Hit in the Gut by the Internet Sales Tax
Business + Economy

Hit in the Gut by the Internet Sales Tax


The Internet sales tax is hitting consumers like me in the gut – literally.

As someone interested in keeping my weight down (who isn’t), I order a supply of low-calorie pre-packaged meals from a food-and-lifestyle website – and have it delivered each month without so much as a keystroke if there’s no change to my existing order.

The company is based in Maryland, but that’s been irrelevant. The convenience of receiving the order at home in New York without thinking about how far the food travels has been hard to beat.


The tax-free aspect of the thing wasn’t bad, either.

But maybe it was all too good to be true. Recently this polite but scary note hit my in-box – and by the way, when companies are this polite in an email you know it’s not good news:

“We wanted to take this opportunity to let you know that we will begin collecting and remitting sales and use taxes on all Internet sales where applicable as of September 1, 2013. The sales tax will be visible during checkout as part of the overall breakdown...

“Our decision to join other major Internet sellers in the collection of and remittance of sales and use taxes is in response to the growing instances of states legislatures and revenue agencies seeking the enforcement of Internet sales tax. We expect to see more measures enacted aimed at enforcement of sales and use tax collection.

“If you have any questions, please call us. Thank you.”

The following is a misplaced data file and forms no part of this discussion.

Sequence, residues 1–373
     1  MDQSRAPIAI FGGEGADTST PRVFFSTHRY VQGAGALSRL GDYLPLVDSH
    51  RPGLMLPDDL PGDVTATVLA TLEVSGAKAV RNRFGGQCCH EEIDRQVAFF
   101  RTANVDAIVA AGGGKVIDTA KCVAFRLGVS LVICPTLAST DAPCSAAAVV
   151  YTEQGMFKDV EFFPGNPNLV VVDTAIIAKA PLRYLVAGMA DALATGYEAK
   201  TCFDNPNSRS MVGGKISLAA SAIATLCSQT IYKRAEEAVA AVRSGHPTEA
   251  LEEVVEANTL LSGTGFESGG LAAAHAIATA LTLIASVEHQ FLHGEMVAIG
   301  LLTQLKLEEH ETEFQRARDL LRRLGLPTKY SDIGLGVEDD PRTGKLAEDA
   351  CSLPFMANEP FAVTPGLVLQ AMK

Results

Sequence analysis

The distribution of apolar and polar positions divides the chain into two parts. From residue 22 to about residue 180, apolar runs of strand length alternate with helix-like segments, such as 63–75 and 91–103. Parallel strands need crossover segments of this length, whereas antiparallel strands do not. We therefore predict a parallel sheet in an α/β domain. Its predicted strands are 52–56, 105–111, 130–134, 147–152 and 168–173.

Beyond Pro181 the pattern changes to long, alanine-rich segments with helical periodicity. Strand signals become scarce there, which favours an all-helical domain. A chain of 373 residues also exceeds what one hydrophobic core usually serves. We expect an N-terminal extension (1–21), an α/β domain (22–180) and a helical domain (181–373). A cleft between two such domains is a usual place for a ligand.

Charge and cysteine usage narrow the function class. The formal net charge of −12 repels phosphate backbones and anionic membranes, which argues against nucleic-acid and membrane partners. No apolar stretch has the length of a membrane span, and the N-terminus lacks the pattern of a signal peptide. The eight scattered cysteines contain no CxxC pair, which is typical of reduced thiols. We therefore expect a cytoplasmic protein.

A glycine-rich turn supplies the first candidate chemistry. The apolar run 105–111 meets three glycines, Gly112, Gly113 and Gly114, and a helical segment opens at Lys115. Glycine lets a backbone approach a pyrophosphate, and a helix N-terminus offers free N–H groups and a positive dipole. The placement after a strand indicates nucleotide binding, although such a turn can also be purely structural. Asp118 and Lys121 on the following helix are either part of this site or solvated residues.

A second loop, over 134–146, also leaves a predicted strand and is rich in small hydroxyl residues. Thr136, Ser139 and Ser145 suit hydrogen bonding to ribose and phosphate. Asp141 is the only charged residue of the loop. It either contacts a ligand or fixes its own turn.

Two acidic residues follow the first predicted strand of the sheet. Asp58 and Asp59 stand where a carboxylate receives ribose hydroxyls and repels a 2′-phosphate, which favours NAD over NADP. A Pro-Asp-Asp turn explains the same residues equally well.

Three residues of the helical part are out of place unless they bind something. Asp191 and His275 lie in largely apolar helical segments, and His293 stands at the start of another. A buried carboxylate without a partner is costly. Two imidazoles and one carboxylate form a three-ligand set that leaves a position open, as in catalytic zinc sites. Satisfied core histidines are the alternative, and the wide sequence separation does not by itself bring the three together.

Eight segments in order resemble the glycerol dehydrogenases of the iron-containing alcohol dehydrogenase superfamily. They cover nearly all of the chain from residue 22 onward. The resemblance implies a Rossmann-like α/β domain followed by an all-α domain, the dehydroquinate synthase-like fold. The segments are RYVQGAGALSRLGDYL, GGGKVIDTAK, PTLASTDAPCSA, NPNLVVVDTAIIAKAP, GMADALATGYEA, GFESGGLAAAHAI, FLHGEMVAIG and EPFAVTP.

I do have questions – but calling the company won’t solve them. In most states across the nation, the days of shopping online and getting away with it in terms of paying sales taxes are coming to a close.

This has been gathering steam for some time, of course. Last year legislation was introduced in both houses of Congress to force Internet retailers to collect local and state sales taxes. Proponents of the Marketplace Fairness Act have maintained that it will, at long last, put brick-and-mortar stores on an equal footing with their online competition.

But states, too, have been eyeing the tremendous windfalls the Internet sales tax will bring. They’ve been losing billions in sales tax revenue to Internet companies – and since sales taxes make up about one-third of all state tax revenue in the states that do have sales taxes, according to Lucy Dadayan of the Nelson A. Rockefeller Institute of Government, this is a big hit due to “consumer spending shifts toward lightly taxed services and the difficulty of collecting taxes on Internet-related transactions,” as Dadayan told Stateline/PEW.


Still, here’s a question for American consumers: Do we really need another new tax when we engage in a transaction? Is the Marketplace Fairness Act really going to help spur economic growth – or put the breaks on it even more?

In about a week’s time, I have a decision to make: Do I keep getting the food I enjoy and pay more for the same exact thing?

Or do I give it up and buy something else? But then, what? And from where? And what sort of tax would I pay on that?

Since I can’t get my food in a retail outlet (not yet, anyway), what would I replace it with?

Either way, here is what’s clear: Chatter like this is probably not what Internet retailers really want to hear.